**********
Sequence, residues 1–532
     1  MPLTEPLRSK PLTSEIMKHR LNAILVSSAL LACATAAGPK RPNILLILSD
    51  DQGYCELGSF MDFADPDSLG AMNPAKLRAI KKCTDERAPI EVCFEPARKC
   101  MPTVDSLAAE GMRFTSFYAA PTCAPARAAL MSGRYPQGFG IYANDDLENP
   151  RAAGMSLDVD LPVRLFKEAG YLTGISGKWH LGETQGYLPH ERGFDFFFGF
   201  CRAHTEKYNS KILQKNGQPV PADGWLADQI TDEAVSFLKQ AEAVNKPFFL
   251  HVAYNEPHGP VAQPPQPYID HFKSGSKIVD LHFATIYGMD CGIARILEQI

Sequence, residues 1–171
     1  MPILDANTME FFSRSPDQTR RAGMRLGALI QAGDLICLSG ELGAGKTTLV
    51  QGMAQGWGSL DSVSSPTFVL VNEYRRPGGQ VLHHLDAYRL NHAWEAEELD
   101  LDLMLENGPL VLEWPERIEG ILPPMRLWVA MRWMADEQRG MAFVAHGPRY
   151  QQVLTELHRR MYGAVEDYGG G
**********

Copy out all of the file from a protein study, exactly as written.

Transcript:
Sequence, residues 1–532
     1  MPLTEPLRSK PLTSEIMKHR LNAILVSSAL LACATAAGPK RPNILLILSD
    51  DQGYCELGSF MDFADPDSLG AMNPAKLRAI KKCTDERAPI EVCFEPARKC
   101  MPTVDSLAAE GMRFTSFYAA PTCAPARAAL MSGRYPQGFG IYANDDLENP
   151  RAAGMSLDVD LPVRLFKEAG YLTGISGKWH LGETQGYLPH ERGFDFFFGF
   201  CRAHTEKYNS KILQKNGQPV PADGWLADQI TDEAVSFLKQ AEAVNKPFFL
   251  HVAYNEPHGP VAQPPQPYID HFKSGSKIVD LHFATIYGMD CGIARILEQI

Sequence, residues 1–171
     1  MPILDANTME FFSRSPDQTR RAGMRLGALI QAGDLICLSG ELGAGKTTLV
    51  QGMAQGWGSL DSVSSPTFVL VNEYRRPGGQ VLHHLDAYRL NHAWEAEELD
   101  LDLMLENGPL VLEWPERIEG ILPPMRLWVA MRWMADEQRG MAFVAHGPRY
   151  QQVLTELHRR MYGAVEDYGG G